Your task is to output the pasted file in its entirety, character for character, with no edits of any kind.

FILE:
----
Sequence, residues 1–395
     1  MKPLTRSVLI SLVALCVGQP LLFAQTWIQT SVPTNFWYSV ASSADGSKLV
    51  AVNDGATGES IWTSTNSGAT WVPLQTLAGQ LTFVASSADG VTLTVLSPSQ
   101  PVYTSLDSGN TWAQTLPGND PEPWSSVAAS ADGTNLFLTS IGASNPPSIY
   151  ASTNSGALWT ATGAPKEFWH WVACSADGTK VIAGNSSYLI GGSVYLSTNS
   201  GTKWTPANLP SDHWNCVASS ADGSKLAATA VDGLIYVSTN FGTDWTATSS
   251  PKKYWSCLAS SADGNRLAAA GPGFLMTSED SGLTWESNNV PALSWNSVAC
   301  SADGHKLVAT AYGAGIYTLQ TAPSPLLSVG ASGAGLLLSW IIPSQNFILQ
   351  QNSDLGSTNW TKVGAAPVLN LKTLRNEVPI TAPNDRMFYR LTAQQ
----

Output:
Sequence, residues 1–395
     1  MKPLTRSVLI SLVALCVGQP LLFAQTWIQT SVPTNFWYSV ASSADGSKLV
    51  AVNDGATGES IWTSTNSGAT WVPLQTLAGQ LTFVASSADG VTLTVLSPSQ
   101  PVYTSLDSGN TWAQTLPGND PEPWSSVAAS ADGTNLFLTS IGASNPPSIY
   151  ASTNSGALWT ATGAPKEFWH WVACSADGTK VIAGNSSYLI GGSVYLSTNS
   201  GTKWTPANLP SDHWNCVASS ADGSKLAATA VDGLIYVSTN FGTDWTATSS
   251  PKKYWSCLAS SADGNRLAAA GPGFLMTSED SGLTWESNNV PALSWNSVAC
   301  SADGHKLVAT AYGAGIYTLQ TAPSPLLSVG ASGAGLLLSW IIPSQNFILQ
   351  QNSDLGSTNW TKVGAAPVLN LKTLRNEVPI TAPNDRMFYR LTAQQ